How to: Stay Dry

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Spring-like, 60 degree days in February and March are absolutely beautiful. Don’t be fooled by the sunlight, though, the weather can turn from snow to rain quickly and destroy your day if you are caught unprepared. Learn from my experience: The coldest I’ve ever been was in March, biking in great weather, until a nonstop sleet storm hit me hard in my shorts and a cotton sweatshirt.

The simplest advice I can give is to always pack an outer waterproof layer. Shells or windbreakers are necessary if there is even a chance of precipitation. Shove it in the bottom of your pack and forget about it. It’s not that heavy and the comfort/survival factor it gives on a windy, rainy ridge is well worth the extra pound. Forty-five degrees feels nice after temperatures in the teens for weeks in a row, but 45 degrees with rain while biking an hour away from any kind of shelter is dangerous.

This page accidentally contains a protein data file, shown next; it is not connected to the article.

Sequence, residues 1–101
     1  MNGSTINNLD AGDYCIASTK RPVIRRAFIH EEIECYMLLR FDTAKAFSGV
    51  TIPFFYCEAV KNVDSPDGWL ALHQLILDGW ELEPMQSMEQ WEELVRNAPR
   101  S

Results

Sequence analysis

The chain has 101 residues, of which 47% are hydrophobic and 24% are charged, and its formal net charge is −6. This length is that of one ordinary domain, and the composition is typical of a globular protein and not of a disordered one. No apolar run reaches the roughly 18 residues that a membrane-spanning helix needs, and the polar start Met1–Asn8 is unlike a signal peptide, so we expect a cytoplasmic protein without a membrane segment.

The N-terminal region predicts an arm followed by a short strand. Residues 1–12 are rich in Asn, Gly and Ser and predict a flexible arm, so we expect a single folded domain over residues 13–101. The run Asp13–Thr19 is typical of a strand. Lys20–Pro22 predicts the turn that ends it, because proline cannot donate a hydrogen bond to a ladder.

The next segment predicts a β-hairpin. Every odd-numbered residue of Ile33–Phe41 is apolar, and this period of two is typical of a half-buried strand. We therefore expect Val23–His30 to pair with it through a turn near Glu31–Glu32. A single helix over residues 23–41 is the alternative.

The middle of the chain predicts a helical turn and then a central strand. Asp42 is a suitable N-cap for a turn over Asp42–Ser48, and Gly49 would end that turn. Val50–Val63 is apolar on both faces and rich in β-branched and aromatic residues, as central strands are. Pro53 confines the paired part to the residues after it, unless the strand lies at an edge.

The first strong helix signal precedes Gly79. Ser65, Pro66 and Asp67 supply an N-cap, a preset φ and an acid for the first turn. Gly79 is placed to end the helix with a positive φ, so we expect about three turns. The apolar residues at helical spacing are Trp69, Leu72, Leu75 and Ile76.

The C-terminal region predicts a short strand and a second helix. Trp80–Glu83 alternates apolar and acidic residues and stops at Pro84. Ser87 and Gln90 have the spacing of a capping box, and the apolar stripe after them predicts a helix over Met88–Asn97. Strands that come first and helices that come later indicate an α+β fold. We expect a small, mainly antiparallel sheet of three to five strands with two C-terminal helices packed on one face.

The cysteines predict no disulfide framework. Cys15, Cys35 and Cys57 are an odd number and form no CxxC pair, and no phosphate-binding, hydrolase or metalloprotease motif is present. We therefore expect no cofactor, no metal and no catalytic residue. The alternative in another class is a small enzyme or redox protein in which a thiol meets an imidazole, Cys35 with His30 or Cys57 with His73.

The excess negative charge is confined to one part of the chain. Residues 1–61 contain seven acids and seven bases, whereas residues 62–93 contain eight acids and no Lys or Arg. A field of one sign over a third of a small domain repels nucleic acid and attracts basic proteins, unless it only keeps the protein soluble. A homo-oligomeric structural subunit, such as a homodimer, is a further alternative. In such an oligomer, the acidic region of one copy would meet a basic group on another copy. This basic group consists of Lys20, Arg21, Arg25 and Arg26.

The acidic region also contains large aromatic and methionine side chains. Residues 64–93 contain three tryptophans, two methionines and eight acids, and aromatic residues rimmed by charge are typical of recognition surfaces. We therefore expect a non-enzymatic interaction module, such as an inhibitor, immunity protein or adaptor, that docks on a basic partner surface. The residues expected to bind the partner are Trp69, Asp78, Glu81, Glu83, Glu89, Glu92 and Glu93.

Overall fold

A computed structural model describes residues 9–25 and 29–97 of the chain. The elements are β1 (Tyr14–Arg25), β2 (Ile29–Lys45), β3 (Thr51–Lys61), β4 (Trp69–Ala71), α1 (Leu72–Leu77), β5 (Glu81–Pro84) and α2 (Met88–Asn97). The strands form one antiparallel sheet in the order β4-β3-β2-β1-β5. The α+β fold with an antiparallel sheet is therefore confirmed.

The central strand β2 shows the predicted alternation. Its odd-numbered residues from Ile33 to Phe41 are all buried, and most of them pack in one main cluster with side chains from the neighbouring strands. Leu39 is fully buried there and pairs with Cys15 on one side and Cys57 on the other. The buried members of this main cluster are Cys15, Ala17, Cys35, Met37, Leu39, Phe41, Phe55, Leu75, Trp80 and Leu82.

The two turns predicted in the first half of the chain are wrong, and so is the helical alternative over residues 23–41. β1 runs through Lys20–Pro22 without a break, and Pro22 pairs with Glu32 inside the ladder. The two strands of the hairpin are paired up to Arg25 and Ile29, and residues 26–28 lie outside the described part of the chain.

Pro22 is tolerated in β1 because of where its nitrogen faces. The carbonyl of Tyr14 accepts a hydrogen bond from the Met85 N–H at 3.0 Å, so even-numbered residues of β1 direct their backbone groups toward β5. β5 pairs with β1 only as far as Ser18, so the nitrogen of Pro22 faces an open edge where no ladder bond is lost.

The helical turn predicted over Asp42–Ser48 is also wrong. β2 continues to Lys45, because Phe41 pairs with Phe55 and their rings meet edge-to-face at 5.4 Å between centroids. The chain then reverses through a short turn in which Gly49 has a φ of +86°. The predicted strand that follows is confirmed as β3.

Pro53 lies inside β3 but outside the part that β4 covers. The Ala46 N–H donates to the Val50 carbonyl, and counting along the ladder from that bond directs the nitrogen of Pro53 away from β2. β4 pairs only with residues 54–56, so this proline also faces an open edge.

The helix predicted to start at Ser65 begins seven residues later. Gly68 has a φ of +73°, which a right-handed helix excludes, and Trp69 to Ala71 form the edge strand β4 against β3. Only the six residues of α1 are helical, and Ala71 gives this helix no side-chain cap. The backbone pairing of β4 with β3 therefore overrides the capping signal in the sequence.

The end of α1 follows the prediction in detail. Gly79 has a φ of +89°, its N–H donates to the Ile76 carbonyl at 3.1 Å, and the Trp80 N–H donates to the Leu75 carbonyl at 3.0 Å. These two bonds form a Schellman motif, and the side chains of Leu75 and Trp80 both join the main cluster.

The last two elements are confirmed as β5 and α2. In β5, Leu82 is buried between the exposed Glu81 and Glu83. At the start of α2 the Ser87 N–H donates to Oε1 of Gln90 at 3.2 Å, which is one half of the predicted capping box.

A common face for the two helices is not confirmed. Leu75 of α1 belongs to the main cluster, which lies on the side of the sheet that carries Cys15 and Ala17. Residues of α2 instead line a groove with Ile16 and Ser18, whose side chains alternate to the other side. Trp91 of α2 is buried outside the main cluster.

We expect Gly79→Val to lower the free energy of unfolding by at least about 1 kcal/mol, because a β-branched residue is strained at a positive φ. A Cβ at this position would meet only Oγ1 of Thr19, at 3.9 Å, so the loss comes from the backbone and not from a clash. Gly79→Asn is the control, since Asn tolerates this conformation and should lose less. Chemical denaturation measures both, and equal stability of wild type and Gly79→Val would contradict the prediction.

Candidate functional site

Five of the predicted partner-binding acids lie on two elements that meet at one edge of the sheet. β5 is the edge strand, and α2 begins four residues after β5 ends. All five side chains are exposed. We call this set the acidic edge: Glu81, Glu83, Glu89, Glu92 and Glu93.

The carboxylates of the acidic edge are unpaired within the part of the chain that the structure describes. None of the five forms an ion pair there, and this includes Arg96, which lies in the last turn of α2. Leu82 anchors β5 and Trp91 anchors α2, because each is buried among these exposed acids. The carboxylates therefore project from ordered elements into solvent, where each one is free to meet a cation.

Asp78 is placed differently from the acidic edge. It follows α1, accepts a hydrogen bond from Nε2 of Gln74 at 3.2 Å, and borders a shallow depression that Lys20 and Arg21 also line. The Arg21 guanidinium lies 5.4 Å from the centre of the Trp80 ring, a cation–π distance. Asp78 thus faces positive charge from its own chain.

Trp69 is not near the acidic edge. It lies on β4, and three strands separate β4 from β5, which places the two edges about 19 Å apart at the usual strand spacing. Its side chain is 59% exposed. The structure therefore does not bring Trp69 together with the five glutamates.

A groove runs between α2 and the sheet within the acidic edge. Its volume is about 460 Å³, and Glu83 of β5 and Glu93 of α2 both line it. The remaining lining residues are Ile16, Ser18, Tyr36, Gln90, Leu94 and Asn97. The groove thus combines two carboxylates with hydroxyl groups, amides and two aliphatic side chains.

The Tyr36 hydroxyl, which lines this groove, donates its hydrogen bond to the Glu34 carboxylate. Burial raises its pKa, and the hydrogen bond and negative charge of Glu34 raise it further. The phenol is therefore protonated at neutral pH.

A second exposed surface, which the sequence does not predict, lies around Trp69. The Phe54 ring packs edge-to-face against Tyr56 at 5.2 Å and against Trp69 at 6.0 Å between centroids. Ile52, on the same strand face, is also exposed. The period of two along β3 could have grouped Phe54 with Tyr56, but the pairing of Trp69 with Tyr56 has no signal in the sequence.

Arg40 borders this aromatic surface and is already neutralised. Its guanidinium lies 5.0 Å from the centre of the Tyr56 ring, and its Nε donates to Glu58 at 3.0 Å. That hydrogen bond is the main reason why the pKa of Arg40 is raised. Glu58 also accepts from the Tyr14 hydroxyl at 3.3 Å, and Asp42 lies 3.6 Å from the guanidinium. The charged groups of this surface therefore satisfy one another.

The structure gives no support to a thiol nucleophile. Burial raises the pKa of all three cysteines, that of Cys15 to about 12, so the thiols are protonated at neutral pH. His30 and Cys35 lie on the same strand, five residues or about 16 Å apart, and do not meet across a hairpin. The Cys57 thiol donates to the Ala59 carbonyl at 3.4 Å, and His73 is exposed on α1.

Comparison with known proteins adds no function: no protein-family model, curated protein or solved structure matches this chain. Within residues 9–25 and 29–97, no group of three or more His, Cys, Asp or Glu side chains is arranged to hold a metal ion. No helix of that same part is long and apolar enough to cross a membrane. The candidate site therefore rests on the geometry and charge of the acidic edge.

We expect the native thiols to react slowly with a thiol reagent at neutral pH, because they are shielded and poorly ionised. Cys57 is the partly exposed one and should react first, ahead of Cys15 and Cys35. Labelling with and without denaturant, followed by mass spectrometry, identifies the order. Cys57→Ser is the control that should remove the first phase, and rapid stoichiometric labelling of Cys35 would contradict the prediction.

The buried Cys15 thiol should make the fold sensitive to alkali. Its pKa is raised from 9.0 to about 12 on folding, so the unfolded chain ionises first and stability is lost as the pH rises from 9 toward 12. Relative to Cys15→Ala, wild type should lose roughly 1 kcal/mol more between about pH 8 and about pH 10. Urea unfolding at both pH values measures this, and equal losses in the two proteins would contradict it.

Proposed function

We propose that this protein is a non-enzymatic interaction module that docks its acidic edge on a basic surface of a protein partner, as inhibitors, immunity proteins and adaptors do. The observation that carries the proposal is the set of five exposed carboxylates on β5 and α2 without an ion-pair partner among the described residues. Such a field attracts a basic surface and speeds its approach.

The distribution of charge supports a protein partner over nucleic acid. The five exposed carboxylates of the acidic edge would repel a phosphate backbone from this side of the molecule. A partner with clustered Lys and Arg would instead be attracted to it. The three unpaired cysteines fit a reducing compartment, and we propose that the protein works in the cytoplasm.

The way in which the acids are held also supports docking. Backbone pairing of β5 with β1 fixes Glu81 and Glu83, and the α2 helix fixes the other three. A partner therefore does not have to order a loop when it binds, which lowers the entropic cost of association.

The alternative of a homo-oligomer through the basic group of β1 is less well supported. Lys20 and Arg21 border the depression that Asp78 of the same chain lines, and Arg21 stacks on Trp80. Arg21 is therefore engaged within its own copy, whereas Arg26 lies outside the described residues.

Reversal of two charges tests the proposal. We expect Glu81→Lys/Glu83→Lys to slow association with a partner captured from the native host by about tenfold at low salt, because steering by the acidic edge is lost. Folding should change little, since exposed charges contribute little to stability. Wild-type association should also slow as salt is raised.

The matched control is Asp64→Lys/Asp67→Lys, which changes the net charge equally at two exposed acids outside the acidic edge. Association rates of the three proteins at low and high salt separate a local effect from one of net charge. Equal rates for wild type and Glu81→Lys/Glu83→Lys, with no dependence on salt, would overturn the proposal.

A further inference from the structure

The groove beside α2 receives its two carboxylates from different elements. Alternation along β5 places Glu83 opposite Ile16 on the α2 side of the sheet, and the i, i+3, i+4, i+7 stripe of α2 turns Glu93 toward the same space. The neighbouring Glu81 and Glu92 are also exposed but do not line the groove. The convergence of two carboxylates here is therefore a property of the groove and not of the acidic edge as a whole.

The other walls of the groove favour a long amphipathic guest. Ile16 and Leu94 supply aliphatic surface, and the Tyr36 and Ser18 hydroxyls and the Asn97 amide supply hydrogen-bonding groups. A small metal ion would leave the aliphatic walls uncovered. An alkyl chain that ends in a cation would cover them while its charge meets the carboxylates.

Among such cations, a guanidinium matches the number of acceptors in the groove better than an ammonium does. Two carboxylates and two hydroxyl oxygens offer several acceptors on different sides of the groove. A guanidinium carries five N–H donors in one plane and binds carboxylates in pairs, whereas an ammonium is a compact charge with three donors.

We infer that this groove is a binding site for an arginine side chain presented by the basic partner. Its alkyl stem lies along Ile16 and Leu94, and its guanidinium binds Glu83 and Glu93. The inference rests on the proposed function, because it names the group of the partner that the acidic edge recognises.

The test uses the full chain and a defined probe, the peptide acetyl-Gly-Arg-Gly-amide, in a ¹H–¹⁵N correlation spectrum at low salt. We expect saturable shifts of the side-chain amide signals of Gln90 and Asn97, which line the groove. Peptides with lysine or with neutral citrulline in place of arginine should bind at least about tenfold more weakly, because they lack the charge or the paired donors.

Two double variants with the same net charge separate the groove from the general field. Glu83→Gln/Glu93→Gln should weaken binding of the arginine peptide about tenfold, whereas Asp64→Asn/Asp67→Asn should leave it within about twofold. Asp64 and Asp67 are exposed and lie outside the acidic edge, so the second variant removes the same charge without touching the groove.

Improve your chances of staying dry by using a waterproofing agent to enhance the water-wicking ability of your jacket. Scotchgard Heavy Duty Water Shield is more or less the gold standard, but a cheaper solution called Thompson’s WaterSeal gets the job done. Just follow the directions on the bottle and your jacket will be that much more efficient. A cheap, old rain jacket can be transformed into something that beads water like expensive Gore-Tex with a much lower investment.

c.hammock@wasatchmag.com

Photo by Chris Hammock

Last modified: February 13, 2017

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